While he was the only juror to profess no knowledge of Scott's death before the trial, the foreman, too, said in an ABC interview that the public had largely ignored evidence of a scuffle before the gunfire. Montgomery said he initially thought Slager was guilty of murder but later concluded that it was manslaughter.
"You can’t go in there and make a decision on ... your emotions," Montgomery said during an appearance on ABC's "The View" last month. "I told them we have to stop and pull our emotions ... out of this and look at the facts."
The jurors heard from 55 witnesses.
They learned that Slager had pulled over Scott's car April 4, 2015, for a broken brake light. Scott stopped, but he soon ran. Slager tried to subdue Scott with a Taser, but the officer said Scott refused to give up. They fought, the lawman would later testify, and Scott took his stun gun. Slager said he fired in self-defense.
An eyewitness filmed the gunfire, and the footage showed the Taser bouncing on the ground — though Slager said he didn't know that at the time — and Scott running away as Slager opened fire.
For the Mount Pleasant man who served in Slager's case, it was his third murder trial as a juror. It was far more complicated than the others, he said.
To him, Slager's testimony sounded rehearsed, though he made the same observation of other witnesses.
"But I think he was sincere," the juror said.
Slager couldn't explain why he picked up his Taser after the shooting and dropped it near Scott's body, only to pick it up again seconds later. But prosecutors saw it as evidence that Slager had tried to stage the scene — a possible indicator of malice or evil intent, a requirement of the murder charge.
Some jurors agreed with the assessment, but the one from Mount Pleasant said he and others gave it little weight.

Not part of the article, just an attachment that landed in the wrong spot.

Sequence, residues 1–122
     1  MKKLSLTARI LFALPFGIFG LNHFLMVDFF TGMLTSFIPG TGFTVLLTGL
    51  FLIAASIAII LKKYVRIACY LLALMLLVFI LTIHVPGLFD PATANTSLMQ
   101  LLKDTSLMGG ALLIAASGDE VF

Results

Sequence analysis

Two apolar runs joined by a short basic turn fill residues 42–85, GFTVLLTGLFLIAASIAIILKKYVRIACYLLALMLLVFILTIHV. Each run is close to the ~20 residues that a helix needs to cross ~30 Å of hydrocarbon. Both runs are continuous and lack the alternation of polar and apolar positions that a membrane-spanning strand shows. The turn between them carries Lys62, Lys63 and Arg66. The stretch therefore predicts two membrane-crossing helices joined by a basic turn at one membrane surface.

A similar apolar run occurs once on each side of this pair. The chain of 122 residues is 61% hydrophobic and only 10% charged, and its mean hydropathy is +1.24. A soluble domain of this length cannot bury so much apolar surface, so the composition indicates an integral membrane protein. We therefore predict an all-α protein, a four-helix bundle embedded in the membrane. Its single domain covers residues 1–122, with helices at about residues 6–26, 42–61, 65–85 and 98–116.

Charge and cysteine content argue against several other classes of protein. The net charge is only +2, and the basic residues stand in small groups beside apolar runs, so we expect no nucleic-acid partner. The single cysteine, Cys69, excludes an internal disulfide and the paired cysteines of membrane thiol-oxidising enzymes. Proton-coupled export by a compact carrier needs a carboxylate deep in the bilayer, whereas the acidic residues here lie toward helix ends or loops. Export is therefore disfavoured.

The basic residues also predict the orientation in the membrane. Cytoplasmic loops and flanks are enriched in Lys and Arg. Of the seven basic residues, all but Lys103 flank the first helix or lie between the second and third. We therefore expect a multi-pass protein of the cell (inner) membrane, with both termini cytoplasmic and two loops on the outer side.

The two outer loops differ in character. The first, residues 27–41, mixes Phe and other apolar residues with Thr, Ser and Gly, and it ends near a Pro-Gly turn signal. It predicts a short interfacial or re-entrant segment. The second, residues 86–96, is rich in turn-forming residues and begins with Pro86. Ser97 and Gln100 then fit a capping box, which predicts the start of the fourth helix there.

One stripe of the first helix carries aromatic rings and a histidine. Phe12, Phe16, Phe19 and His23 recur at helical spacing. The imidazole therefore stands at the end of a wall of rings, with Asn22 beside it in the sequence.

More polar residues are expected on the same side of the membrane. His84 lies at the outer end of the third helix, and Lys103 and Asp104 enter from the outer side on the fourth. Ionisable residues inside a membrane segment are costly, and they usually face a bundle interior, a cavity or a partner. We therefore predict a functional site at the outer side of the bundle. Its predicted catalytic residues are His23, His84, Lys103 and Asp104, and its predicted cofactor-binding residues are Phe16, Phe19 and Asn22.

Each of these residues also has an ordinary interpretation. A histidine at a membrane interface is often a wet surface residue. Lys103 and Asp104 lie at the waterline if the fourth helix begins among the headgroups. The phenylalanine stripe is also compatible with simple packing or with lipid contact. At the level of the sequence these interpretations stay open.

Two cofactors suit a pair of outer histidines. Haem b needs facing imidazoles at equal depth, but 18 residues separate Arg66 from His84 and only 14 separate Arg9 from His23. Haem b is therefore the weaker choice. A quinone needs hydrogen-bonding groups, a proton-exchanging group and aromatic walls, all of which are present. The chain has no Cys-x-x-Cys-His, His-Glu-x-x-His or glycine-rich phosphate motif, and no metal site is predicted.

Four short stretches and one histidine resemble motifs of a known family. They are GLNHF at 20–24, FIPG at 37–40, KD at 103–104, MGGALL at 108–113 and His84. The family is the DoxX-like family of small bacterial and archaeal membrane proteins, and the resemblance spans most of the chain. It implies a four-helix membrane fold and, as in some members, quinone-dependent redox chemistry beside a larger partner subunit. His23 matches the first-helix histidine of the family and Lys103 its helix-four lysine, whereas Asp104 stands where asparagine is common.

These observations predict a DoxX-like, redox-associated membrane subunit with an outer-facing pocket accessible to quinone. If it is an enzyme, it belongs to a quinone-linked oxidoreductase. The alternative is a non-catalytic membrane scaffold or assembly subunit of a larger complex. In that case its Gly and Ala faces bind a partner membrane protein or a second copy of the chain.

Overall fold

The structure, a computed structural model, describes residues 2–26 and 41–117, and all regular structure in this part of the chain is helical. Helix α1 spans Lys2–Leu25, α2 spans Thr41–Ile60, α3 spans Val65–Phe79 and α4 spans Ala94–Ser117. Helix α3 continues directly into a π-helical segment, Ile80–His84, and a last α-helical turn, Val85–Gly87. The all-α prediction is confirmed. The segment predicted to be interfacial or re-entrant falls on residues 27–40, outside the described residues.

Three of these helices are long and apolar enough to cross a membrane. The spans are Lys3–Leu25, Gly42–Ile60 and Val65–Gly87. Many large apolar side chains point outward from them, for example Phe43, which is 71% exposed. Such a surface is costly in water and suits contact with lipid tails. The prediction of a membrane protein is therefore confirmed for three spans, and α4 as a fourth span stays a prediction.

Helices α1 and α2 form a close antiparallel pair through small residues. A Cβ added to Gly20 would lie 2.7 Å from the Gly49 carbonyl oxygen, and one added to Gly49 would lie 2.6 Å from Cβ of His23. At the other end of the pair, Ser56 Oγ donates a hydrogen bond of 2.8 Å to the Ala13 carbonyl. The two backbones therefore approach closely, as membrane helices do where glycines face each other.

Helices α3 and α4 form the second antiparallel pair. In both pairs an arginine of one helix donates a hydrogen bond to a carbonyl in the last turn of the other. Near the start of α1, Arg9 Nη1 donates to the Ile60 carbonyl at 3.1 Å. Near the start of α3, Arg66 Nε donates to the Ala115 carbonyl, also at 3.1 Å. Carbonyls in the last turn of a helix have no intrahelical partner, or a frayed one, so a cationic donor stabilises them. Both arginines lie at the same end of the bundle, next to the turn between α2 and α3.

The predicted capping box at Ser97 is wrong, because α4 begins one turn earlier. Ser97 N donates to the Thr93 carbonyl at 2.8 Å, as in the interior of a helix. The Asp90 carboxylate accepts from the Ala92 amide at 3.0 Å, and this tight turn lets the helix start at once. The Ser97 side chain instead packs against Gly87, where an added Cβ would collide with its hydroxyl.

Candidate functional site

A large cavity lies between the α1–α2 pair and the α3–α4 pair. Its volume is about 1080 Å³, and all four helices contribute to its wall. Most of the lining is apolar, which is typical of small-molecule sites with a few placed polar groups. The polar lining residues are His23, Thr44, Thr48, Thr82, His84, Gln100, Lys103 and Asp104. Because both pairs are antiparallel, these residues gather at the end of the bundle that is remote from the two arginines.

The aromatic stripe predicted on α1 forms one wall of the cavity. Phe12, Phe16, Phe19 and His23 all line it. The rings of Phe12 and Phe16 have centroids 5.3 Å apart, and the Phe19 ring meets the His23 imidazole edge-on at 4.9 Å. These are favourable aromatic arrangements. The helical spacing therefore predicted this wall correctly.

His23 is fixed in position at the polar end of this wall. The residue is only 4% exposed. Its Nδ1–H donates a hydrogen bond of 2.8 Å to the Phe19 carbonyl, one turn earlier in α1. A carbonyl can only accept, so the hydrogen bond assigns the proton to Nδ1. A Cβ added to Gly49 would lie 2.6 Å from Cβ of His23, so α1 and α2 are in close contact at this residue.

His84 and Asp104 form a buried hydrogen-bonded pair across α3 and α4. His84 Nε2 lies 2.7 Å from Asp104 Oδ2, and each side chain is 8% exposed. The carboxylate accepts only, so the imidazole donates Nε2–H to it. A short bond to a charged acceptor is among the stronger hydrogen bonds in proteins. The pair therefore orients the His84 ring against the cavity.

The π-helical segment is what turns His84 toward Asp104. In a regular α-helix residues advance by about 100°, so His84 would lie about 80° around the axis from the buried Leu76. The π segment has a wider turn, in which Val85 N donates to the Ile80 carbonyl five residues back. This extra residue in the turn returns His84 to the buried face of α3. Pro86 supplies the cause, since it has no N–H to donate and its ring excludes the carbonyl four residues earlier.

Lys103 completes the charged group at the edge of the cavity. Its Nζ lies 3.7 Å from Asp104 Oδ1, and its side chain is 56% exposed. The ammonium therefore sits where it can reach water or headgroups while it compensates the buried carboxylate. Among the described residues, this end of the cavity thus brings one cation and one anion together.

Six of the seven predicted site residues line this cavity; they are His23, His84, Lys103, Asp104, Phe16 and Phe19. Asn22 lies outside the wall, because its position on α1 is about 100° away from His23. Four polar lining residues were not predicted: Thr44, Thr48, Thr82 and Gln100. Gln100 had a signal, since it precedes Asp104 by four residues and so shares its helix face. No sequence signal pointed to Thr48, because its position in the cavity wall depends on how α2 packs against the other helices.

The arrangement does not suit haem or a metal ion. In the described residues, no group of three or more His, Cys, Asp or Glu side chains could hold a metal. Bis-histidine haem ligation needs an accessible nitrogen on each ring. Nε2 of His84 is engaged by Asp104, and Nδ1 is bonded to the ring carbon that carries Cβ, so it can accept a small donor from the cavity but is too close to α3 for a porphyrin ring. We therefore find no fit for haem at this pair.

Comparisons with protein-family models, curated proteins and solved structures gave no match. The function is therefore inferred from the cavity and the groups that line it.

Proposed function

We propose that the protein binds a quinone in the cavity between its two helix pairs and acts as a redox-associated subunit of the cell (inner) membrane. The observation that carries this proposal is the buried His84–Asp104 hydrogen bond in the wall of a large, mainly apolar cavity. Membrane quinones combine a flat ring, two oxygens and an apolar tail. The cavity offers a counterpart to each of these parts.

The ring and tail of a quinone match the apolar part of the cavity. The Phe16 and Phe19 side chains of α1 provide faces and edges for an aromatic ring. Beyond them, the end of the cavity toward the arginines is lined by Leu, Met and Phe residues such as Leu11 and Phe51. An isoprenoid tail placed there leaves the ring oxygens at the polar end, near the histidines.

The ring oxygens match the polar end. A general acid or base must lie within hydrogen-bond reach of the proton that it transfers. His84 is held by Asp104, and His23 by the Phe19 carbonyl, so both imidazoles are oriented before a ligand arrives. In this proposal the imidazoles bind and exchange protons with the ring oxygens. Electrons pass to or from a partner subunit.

Some, he said, also considered the State Law Enforcement Division's investigation faulty, echoing a contention that the defense had stressed throughout the trial. Despite Slager's account of a struggle before the shooting, SLED might have missed key evidence by not running certain tests or examining certain evidence, he said.
"Hopefully," he said, "there will be changes made."
Not 'completely innocent?'
The juror could not recall how divided the panel was at the start of the deliberations, but members' views would evolve as their discussions wore on.
Montgomery, the foreman, told ABC that he came to realize that "what Michael Slager did was not malicious" and that the officer had a "brief disturbance in reason," a finding that supported the manslaughter charge.
Not everyone agreed. By the fourth and final day of their talks, the foreman told ABC, five of the 12 jurors had "made up their mind in one way" — without indicating a specific verdict — while six were undecided. One was "gung-ho" on acquittal and "was not changing his mind no matter what," Montgomery said.
Manslaughter requires a killing "in the heat of passion," but the jurors struggled to define that in terms they could relate to. In a note, they once asked Circuit Judge Clifton Newman for the difference between "passion" and "fear," the emotion that Slager said he felt in the confrontation with Scott.
But more than one member did not think Slager was guilty of any of the crimes he was charged with, the juror interviewed by The Post and Courier said.